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New adult shop arouses suspicion at City Hall

Kristy Gavel and Randy Gill standing in front of a commercial building
David Andreatta
Kristy Gavel and Randy Gill opened Medusas on Monroe Avenue in October 2022.

Variety is the specialty at Medusas on Monroe Avenue.

The shelves on one side of the store carry handmade purses, paintings, and jewelry by local artisans.

Lining the walls on the other side of the store are multicolored dildos, butt plugs, ball gags, spanking paddles, and other sex toys. Lingerie takes up much of the floor space.

“Our goal is to be like a boutique,” said Kristy Gavel, one of two co-owners of Medusas, which opened at the corner of Union Street in late October. “Like a clean, safe space for anybody.”

She called the shop “Hot Topic for grown-ups,” a reference to the retail chain popular with teenagers that specializes in counterculture-related clothing and accessories.

Grainy still from a video camera: A uniformed police officer talking to two people, whose backs are to the camera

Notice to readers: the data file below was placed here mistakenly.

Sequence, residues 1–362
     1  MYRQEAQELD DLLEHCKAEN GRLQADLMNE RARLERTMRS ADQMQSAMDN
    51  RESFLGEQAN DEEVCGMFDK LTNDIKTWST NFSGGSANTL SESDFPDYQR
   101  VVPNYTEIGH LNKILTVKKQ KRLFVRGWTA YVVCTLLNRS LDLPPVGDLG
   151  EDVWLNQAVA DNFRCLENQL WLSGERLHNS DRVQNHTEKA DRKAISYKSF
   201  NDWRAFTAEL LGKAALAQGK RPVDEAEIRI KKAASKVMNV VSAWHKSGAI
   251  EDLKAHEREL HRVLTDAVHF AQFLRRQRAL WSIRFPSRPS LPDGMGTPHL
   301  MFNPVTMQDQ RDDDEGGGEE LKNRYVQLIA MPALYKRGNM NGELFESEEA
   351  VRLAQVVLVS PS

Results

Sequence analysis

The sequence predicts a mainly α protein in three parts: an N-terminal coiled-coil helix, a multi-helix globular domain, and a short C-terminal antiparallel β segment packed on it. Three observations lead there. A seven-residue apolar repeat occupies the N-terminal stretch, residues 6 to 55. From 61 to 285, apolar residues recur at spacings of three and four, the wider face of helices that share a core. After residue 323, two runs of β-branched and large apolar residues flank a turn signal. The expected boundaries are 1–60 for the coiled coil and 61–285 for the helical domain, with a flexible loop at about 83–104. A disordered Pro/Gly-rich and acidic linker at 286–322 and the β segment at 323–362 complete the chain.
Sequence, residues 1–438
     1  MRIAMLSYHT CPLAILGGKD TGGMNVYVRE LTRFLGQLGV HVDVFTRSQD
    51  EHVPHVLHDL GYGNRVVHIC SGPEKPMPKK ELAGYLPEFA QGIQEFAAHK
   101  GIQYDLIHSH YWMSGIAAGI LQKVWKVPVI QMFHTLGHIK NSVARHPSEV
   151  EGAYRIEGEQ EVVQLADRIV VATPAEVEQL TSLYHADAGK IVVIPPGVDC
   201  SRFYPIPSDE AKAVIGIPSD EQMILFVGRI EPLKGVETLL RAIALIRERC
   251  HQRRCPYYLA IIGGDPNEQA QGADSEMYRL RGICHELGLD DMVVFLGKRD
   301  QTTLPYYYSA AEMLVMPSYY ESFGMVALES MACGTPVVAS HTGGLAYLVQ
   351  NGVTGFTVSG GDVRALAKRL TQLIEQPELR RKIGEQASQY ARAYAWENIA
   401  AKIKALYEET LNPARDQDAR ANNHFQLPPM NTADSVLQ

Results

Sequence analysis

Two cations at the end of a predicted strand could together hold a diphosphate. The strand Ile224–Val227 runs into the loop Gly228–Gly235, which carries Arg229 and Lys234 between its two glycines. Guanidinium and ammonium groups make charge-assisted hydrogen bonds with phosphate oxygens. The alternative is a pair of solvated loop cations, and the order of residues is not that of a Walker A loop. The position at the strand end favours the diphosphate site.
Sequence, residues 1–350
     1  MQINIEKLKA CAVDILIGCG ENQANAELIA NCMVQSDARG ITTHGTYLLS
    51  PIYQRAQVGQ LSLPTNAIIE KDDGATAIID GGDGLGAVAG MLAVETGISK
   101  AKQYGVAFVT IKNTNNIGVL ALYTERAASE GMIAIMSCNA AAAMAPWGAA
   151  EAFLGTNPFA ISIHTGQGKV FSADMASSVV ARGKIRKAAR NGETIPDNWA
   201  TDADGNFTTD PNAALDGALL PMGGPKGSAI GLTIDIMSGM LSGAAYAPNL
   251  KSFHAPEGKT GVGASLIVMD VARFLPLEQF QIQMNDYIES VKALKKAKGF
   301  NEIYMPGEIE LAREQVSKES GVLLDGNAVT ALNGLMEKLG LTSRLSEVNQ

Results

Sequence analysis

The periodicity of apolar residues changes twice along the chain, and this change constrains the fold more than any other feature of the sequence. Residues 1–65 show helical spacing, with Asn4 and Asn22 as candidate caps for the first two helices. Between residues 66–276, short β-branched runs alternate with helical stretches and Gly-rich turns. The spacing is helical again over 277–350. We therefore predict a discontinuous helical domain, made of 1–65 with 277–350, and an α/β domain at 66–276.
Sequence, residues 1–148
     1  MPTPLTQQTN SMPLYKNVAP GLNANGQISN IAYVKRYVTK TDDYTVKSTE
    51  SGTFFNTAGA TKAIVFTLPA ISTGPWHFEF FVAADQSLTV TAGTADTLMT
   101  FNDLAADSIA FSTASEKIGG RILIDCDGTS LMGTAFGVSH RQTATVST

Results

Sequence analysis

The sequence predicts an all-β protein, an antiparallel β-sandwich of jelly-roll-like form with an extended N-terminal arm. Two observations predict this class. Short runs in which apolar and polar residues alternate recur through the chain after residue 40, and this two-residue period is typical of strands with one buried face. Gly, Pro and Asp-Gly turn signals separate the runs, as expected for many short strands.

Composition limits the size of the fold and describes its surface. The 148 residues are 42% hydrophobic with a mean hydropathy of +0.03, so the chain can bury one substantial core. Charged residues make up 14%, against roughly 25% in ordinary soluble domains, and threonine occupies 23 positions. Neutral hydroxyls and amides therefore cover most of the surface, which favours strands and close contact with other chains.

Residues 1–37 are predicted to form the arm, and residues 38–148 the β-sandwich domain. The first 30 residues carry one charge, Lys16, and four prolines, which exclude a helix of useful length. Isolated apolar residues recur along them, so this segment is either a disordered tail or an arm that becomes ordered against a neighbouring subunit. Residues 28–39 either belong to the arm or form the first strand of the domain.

Photo provided
Security camera footage of Rochester Police Officer David Minnick explaining to Medusas owners Randy Gill and Kristy Gavel why City Hall believes they are running an unregulated "adult retail store."

But what a Rochester police officer who walked into the store on Wednesday saw was an illegal sex shop.

He handed Medusas other co-owner, Randy Gill, a copy of the city code related to “sexually oriented businesses” and wrote him a summons to appear at the Code Violations Bureau to explain why he and Gavel were operating without a license.

“We’re unlicensed because we don’t need a license,” Gavel later said.

At the turn of the century, the city vigorously overhauled its zoning laws to regulate businesses whose business was sex. A mayoral task force was formed. Consultants were hired. Studies were conducted.

Metal butt plugs with heart-shaped jeweled ends in a box.
Ryan Williamson
These ornamental butt plugs are among the merchandise at Medusas, a new adult store on Monroe Ave. in Rochester.